When we talk about enterprise SEO, we’re referring to websites with thousands to millions of web-pages. And for such a behemoth of a website, where do you start with troubleshooting massive traffic drops?
The best way to go about it is to start from the big picture, rule out each possible factor and drill down from there. Here’s a first step diagnosis plan that hopefully will come in handy for webmasters who are in charge of enterprise SEO.
Use the elimination technique to be able to answer this question: Which is the likely cause of the drop:
- Algorithmic changes
- Manual penalty
- Server Accessibility
- Website Deployment Error
- Tracking Error
Before you start panicking, first check your data to single out the most likely cause for the traffic drop. Here’s how to go about it.
Do a thorough search for news related to any recent algorithm updates. See what other webmasters are saying and if anyone else is experiencing traffic fluctuations. You can use tools such as Mozcast and Algoroo that closely monitor algorithm updates and make quite accurate predictions. Match algorithm changes and updates to your current SEO efforts and website status. See whether there is anything that was once alright but has become a problem due to new ranking criteria and factors.
If it’s due to algorithm changes, check who is winning and who is losing. Use tools such as Ahrefs, SEOMoz and ScreamingFrog to see how your competitors are doing. For those winning, see what is it that they are doing right that matches the algorithm change. You can start learning from here.
The recommendation is to benchmark with keyword competitors rather than blindly following what is mentioned in blogs and forums because SEO is a ranking game; ‘one man’s loss is another man’s gain’ and vice versa. When you are losing traffic, that same amount of traffic is going to someone else. When you gain a certain amount of traffic, some other websites in combination is losing that amount of traffic.
Check if your site received any manual penalties or security alerts. You can check this from the Webmasters Tool (Search Console). Go the the menu ‘Search Traffic’ and click on the sub-menu ‘Manual Actions’. If there is no penalty, it should say ‘No manual webspam actions found’. If any penalty was issued, the details will be shown here.
Next, go to the ‘Crawl’ menu and click on the sub-menu ‘Security Issues’. If Google has detected any malware, content injection or any other hack and security related issues on your website, it will be shown here with details.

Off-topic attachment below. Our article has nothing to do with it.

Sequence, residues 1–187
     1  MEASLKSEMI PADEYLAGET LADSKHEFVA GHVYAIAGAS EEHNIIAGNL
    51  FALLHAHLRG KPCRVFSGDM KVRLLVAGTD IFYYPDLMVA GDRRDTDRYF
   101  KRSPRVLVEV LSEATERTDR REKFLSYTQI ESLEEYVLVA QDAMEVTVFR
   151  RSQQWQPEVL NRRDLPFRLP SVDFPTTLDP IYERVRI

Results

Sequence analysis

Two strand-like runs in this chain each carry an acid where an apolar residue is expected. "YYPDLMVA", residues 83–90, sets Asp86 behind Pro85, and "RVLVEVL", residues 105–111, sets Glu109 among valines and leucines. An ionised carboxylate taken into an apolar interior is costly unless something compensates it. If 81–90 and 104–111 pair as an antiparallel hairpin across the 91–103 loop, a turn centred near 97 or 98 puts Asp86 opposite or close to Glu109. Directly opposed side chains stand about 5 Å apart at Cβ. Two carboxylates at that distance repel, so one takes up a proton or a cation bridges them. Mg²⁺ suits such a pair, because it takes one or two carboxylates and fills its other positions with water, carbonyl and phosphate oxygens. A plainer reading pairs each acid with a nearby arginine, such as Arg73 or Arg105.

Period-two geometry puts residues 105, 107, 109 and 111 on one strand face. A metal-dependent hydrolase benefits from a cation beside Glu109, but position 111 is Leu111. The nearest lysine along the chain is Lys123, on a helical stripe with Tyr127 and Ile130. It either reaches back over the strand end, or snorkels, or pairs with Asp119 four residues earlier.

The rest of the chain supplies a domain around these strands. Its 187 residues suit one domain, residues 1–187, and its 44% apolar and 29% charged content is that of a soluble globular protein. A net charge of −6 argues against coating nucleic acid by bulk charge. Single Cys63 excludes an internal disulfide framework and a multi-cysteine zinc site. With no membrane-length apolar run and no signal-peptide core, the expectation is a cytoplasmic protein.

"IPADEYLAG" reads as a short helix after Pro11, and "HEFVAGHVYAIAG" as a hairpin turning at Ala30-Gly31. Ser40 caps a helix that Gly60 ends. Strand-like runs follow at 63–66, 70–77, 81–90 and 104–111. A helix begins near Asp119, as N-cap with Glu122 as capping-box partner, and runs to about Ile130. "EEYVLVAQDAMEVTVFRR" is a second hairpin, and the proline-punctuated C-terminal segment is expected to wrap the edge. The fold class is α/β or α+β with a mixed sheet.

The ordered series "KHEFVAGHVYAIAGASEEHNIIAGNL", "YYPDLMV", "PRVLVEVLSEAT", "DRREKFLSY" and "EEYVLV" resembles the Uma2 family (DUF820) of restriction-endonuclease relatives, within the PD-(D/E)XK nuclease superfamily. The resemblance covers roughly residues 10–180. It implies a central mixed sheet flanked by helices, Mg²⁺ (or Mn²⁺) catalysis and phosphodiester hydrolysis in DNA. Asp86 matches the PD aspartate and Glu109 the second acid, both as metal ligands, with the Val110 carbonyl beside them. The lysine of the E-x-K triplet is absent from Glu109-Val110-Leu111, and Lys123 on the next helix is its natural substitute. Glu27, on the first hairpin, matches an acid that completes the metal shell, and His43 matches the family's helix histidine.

Sometimes automated penalties are issued and you will receive no notice of these. In order to identify, check if you’re experiencing the same traffic drop from Bing and other search engines. If all is good and the only drop is from Google, then it’s likely you’ve been issued an automated penalty.
Receiving a manual penalty is perhaps the most difficult challenge to address. What it means is someone at Google has likely manually reviewed your website and business, and then intervened by lowering some of your SEO scores because they feel your site is not providing real value to Google search users and thus should not be in the top ranks.
In the case of manual penalty, no matter how well you do in SEO for all other factors, your threshold to rank has been limited so you will never be able to achieve high scores to rank higher until the manual penalty has been lifted.
Algorithm changes and manual penalties tend to result in ranking drops (sometimes with or without lost of indexed pages).
If you’re actively monitoring your rankings for top keywords, key phrases or landing pages, and find that there is no ranking drop, check if your pages are being removed from the Google Index. There’s 2 ways to go about this, in Search Console, go to the ‘Craw’’ menu and click on ‘Crawl Stats’ sub-menu. If the graph looks out of the ordinary such as spikes in time downloading a page or huge drops in pages crawled per day, then that’s not cool.
It means Googlebot is having problems accessing and collecting webpage information from your website. In the case there is no algorithm changes, no manual or security issues and you’re experiencing traffic loss, the next step is to check your server log and bandwidth. You may want to consider increasing bandwidth or blocking less valuable crawlers and scrapers.
Website Deployment Error
Sometimes when you deploy a new release or version of the website, the updated code may impact certain on-site SEO factors such as microdata markups, certain tags, internal linking and website structures for the PLPs (preferred landing pages).
Go through all website changes, features that were launched and hot fixes that took place since 1 month before you started to experience traffic drop. Keep in mind that it may take time for Google and search engines to relearn your webpages.
You’re probably the luckiest person alive in the world of SEO if this is the case! Reason being, your Google Analytics data may show you a huge drop, but it will have little to no impact on your business. The best way to diagnose tracking error for websites with thousands to millions of pages is to check your server data if the number of hits, clicks on website and other activities are consistent over time. Another way is to proactively install a secondary analytics tools such as Yandex Metrica or Piwik to help you verify.